Finnikin of the Rock

Finnikin of the Rock

We interrupt your regularly scheduled episode of "Talk About How Long The Tale of Genjii Is" to bring you this post on Finnikin of the Rock. (I actually finished this a few weeks ago, and just didn't get around to writing about it.)

I'll admit that I'm a sucker for a good story.  The Hunger Games isn't the most sophisticated piece of literature, but it was a lot of fun to read, and it does contain quality writing.  A good story, however, isn't enough to make me overlook major flaws in a novel.

You may not have seen this coming but, in spite of its promising plot, Finnikin of the Rock has far too many flaws for me to overlook.  Finnikin, the son of the captain of the guard, is from Lumatere.  Ten years ago, however, his homeland was cursed, and since then no one has been able to cross its boundaries, either in or out.

Like I said, this is definitely a promising story.  Unfortunately, between a lack of consistency in the geography of the world, and flat, boring characters there isn't much else to like about this book.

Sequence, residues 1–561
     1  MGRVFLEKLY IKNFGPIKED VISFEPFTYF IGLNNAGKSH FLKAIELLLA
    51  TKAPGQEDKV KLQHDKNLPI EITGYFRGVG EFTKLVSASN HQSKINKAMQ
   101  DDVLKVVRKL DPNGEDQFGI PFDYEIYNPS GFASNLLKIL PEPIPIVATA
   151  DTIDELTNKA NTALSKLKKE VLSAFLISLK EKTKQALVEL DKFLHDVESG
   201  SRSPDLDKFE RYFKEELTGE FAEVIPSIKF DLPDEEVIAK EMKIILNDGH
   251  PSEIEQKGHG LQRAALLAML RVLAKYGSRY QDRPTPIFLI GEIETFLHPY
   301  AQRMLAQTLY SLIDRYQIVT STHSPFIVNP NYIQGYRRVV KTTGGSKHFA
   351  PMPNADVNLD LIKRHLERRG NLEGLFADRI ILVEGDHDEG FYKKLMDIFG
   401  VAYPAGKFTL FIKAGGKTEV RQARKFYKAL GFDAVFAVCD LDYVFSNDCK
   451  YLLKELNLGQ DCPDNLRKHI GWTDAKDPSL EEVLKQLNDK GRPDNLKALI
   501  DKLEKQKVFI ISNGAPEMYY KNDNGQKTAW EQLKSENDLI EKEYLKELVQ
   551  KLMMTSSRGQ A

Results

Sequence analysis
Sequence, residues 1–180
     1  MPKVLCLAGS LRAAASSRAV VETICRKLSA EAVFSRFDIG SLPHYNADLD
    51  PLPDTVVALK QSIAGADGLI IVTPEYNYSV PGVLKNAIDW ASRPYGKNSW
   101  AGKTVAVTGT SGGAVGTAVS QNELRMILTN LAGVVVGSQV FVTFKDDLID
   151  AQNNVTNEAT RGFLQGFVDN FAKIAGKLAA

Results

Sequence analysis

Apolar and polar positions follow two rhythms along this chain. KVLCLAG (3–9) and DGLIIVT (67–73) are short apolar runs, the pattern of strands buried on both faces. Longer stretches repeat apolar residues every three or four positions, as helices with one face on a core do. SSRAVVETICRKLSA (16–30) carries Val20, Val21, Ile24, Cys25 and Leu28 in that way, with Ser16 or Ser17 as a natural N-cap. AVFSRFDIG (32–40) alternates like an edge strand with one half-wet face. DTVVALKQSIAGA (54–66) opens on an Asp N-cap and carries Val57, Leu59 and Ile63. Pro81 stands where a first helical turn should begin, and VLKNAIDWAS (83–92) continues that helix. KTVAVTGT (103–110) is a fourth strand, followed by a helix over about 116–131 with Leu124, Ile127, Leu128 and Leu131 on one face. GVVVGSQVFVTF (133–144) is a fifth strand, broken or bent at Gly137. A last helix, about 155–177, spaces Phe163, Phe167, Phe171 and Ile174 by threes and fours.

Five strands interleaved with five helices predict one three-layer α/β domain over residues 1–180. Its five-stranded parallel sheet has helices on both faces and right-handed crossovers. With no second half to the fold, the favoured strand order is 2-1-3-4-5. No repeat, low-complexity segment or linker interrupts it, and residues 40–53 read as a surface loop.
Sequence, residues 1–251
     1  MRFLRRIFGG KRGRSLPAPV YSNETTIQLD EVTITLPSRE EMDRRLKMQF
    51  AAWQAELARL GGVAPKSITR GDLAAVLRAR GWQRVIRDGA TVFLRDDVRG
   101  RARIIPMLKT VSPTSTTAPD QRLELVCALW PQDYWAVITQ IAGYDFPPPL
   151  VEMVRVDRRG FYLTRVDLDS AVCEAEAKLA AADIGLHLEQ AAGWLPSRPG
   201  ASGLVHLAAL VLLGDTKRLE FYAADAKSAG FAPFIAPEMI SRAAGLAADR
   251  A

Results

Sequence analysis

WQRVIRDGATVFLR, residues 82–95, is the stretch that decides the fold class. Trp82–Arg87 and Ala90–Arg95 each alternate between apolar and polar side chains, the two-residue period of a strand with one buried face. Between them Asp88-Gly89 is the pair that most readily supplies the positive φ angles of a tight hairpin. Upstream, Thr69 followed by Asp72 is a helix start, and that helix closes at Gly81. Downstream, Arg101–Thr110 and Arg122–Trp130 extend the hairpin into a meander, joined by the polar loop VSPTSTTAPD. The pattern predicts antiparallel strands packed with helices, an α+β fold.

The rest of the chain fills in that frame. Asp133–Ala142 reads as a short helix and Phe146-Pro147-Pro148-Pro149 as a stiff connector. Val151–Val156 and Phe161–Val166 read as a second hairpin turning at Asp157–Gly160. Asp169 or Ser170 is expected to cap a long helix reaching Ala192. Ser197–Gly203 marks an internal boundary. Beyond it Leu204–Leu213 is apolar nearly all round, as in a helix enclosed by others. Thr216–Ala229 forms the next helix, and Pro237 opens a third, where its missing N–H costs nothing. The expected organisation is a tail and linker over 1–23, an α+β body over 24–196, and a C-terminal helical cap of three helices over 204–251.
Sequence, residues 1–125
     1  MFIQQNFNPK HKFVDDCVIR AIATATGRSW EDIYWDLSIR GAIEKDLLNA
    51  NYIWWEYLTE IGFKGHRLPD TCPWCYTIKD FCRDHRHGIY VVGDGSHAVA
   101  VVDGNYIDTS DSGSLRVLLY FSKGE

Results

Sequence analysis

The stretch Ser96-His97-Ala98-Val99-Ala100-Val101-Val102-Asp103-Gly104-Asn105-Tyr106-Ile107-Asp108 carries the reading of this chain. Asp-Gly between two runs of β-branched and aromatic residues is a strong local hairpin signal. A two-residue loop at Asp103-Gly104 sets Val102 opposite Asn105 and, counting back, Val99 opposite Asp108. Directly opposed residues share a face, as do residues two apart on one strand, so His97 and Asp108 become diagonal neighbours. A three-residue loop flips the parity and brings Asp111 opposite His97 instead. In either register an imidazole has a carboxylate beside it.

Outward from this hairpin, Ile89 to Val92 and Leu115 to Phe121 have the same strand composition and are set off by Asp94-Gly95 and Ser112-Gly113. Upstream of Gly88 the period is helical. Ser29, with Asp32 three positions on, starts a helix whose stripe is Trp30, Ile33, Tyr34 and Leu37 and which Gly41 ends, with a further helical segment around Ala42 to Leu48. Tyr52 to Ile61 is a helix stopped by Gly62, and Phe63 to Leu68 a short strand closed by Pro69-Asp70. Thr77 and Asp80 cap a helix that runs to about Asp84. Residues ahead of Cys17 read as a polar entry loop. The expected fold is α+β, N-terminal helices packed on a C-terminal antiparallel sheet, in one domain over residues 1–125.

Speaking of boring characters, why can't any of them communicate like normal human beings?  Why do they always have to jump to conclusions, and flee from each other at the slightest (assumed) offense?  The School Library Journal review on Amazon.com calls Finnikin and Evanjalin's relationship "intensely emotional".  I think a better description is "annoyingly unrealistic" or "frustratingly devoid of reason".  It's not a good sign when even The Tale of Genji, in which characters purposefully obfuscate their language by speaking in ancient Chinese poetry, has more open communication.

Suffice it to say, I don't recommend Finnikin of the Rock.  If you could consider the plot apart from the characters, no doubt you would be able to find some moments to enjoy, but those pesky characters just keep getting in the way.

Comments

Christy
Christy on 07/15/2010 10:46 a.m.

I've noticed a number of movies also have that problem of characters constantly jumping too quickly to (wrong) conclusions and taking quick offense.

I like your snarky comment about how even Tale of Genji has better communication. Ha!

Scott
Scott on 07/15/2010 12:14 p.m.

I'm glad you enjoyed that! But seriously, why can't these people just talk to each other? It's so infuriating, because it's obviously just manufactured drama. The <i>Twilight</i> series was terrible about this as well.

Erin Leigh
Erin Leigh on 07/15/2010 2:14 p.m.

I agree with both of you. The whole jumping to conclusions thing is such a contrived, barely veiled plot device, that anyone with half a brain can see right through, it boggles my mind that it's so ubiquitous in movies, tv, and many books. I find it insulting to my intelligence as the intended audience.

Scott
Scott on 07/16/2010 6 a.m.

It is insulting. I think we need to form a club.

Comments are closed.

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